There is plenty of horse racing events in the calendar year in the United Kingdom, and yet the Cheltenham Festival continues to stand out and remains one of the most popular such festivals in the entire country.
What is it about the Cheltenham Festival that makes it so different and special?
One of the factors that makes the Cheltenham Festival so appealing is the sheer number of races it offers.
There are as many as 28 different races held across four days, with the best horses, trainers and jockeys all competing with one another to provide unparalleled excitement for horse racing enthusiasts. The Cheltenham Festival is also seen as a very sophisticated social event.
Normally held in March at Prestbury Park, there are a number of Grade 1 races held at the Cheltenham Festival including the likes of the Cheltenham Gold Cup, Queen Mother Champion Chase, Stayers’ Hurdle and Champion Hurdle.
Every day the Cheltenham Festival features its own standout race, although it is arguable which is considered the standout when there are so many, with innumerable opportunities for punters to be able to find a race that is best suited for their style of betting.
Future learning opportunities
Punters love the idea of spotting a horse that could be a future winner, and the Cheltenham Festival is an ideal venue for doing just that.
There are many races at the Festival that are suitable for novices, and this is definitely one of the things that makes Cheltenham Festival stand apart from other horse racing events.
Races held during the week of the Festival that are specifically designed for horses with less experience include the Supreme Novices’ Hurdle, Baring Bingham Novices’ Hurdle, Golden Miller Novices’ Chase, Spa Novices’ Hurdle, Close Brothers Novices’ Handicap Chase, Fred Winter Juvenile Novices’ Handicap Hurdle, and Dawn Run Mares’ Novices’ Handle.
Less experienced jockeys are also able to participate in races such as the Martin Pipe Conditional Jockeys’ Handicap Hurdle and the Fulke Walwyn Kim Muir Challenge Cup. That makes the Festival one to watch for those with an eye on the future of particular jockeys.
One of the main reasons why so many people enjoy horse racing is, of course, because they have placed bets with bookies, with more than £600 million being placed during the week of the Cheltenham Festival.
Not only are there are a staggering number of races that can be bet on, but the odds of being able to win them all are so remote as to be astronomical, but many punters do walk away from the event with a big smile on their face and a much fuller bank account.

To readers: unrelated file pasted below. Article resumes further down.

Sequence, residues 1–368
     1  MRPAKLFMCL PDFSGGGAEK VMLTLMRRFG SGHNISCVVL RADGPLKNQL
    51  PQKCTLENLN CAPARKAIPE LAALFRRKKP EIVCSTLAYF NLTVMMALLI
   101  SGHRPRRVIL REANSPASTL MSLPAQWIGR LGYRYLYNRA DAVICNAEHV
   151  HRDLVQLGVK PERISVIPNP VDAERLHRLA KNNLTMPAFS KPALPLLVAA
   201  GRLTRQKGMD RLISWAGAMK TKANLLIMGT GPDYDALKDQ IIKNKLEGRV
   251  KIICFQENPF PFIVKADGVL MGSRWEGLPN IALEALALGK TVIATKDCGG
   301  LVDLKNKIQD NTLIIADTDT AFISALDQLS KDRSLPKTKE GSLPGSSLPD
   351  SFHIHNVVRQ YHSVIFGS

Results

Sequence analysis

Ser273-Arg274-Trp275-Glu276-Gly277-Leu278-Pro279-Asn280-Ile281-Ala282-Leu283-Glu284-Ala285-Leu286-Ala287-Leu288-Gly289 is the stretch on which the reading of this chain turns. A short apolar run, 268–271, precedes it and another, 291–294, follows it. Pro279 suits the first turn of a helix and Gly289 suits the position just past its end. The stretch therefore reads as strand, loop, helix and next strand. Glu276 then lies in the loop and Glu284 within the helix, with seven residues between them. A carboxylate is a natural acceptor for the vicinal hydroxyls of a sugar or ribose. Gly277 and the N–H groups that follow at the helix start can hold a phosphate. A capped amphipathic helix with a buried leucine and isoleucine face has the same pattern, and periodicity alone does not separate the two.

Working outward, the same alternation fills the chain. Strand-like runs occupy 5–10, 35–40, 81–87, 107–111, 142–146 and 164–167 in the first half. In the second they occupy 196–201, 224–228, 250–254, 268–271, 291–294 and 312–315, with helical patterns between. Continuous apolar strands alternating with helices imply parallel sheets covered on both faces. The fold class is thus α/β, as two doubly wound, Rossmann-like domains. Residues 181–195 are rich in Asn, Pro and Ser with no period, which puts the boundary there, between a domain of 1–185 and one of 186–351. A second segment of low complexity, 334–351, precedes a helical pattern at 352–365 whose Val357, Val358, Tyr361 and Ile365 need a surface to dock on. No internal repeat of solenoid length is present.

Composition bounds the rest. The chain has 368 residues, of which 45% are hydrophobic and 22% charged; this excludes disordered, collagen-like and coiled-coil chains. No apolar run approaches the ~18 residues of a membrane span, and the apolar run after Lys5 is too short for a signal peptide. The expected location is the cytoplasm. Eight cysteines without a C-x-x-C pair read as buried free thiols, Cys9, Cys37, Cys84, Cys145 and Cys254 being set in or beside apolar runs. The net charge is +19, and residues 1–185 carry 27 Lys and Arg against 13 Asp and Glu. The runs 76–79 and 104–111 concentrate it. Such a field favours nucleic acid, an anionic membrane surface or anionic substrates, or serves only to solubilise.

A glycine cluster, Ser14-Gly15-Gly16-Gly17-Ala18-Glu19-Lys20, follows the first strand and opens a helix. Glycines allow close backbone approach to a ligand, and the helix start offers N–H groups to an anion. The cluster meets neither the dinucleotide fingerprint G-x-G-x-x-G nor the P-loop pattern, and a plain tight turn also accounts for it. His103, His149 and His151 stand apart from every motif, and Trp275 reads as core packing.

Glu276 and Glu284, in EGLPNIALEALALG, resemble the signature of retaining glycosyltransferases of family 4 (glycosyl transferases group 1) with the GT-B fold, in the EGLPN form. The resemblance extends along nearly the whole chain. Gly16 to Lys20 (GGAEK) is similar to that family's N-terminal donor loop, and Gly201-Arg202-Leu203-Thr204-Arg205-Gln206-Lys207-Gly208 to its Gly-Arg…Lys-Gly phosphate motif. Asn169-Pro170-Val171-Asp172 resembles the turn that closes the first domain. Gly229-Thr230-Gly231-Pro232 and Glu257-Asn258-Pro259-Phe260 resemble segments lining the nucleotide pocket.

One stunning example of this came in 2019, when a punter who placed a Tote Placebot bet that cost them just £2 saw a return of no less than £180,000.
Even relative newcomers to horse racing and betting can get in on the action just by taking a look at the experts’ advice in CheltenhamFestival.net’s top tips for 2021.
The greatest jump racing horses
One of the other main factors that allows the Cheltenham Festival to stand apart and remain so popular year on year is that all of the best horses in the discipline of jump racing always come to be tested on what is one of the industry’s most difficult racecourses.
Prestbury Park actually provides as many as three different courses during Festival week, beginning on the Old Course and then moving to the New Course, with the Cross-Country Course provided as an added bonus.
The result of this is that horses are tested by more than just the meeting’s popularity and size but also by the different courses employed over the course of the Festival, with about 500 horses taking part during the week to try and take out the top prizes that are being offered.
This is why millions of people all over the world watch the Cheltenham Festival via massively popular TV coverage, and why it is so appreciated not just by punters but those who simply enjoy watching the animals in peak form.
Expect the unexpected
The number and variety of first-class races held in the Cheltenham Festival means that there will always be surprises to enjoy every year.
The unexpected and unusual always challenges expected outcomes at the Festival, be it failing favourites or successful outsiders upsetting the odds, and it is this unpredictability that is another factor that sets Cheltenham Festival apart from the rest.